chapter  7
20 Pages

Political Self-representation in postcolonial life-writing

Attempts to constitute autobiography as a literary mode in the first two phases of Auto/biography Studies were governed by the predominant systems of aesthetic criticism, from genre theory itself to New Criticism. In contrast to a nascent Marxist literary criticism, these generally divorced literature ‘proper’ from politics, which was deemed to threaten the instrumentalisation of a supposedly autonomous and sacrosanct aesthetic sphere. For Auto/biography Studies, the effects of these emphases were profound. As was seen in Chapter 5, Misch hierarchised autobiographical forms according to their inverse proportion ‘worldly’ preoccupations.1 Despite claiming that autobiography expresses a concern which has been of good use in colonialism, Gusdorf also draws a distinction between canonical ‘masterpieces’ and the memoirs of ‘heads of government or generals, ministers of state’, largely on the basis that the latter aim simply to provide ‘posthumous propaganda for posterity’.2 As seen in the previous chapter, for Spengemann, writing at the beginning of the third phase of Auto/biography Studies, ‘poetic self-expression’ represents the supreme development of the genre after successive stages of historical self-exploration and philosophical self-scrutiny.3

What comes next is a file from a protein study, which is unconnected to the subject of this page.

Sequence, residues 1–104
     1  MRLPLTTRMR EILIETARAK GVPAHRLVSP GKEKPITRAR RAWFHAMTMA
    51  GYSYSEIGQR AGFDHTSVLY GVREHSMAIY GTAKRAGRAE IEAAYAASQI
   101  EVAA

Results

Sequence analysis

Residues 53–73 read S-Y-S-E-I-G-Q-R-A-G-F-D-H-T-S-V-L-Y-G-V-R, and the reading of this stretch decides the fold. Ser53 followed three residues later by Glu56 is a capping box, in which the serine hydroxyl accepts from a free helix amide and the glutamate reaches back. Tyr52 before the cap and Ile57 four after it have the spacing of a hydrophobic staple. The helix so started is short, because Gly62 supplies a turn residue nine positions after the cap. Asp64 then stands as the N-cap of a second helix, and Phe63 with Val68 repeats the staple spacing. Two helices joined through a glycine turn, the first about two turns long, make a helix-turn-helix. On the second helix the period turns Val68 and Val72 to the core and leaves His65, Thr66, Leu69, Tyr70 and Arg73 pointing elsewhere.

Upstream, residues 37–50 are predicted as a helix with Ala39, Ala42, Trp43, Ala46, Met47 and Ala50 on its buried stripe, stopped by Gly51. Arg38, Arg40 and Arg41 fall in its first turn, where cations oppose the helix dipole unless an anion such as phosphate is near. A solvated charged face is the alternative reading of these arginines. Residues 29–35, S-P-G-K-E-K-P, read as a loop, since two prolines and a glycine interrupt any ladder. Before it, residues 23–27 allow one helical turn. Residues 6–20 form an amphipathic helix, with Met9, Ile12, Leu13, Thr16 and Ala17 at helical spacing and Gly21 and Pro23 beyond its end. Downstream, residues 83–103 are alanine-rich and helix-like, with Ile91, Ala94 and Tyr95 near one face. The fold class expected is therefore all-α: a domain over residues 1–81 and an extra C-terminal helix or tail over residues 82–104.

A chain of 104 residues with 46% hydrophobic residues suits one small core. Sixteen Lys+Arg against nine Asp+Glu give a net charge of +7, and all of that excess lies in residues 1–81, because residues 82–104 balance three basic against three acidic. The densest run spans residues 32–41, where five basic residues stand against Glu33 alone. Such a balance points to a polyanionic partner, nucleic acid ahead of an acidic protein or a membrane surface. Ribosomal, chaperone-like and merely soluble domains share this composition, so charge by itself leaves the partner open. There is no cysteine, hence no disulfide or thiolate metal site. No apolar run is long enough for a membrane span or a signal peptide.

Such criteria shed further light on the exclusion of women’s life-writing from the canon and its marginalisation within traditional Auto/biography Studies. As Sauling Wong suggests, the traditional privileging of the private/personal over the public/political domains is inimical to the sub-genre’s preoccupation with a variety of woman-centred engagements of instrumental kinds.4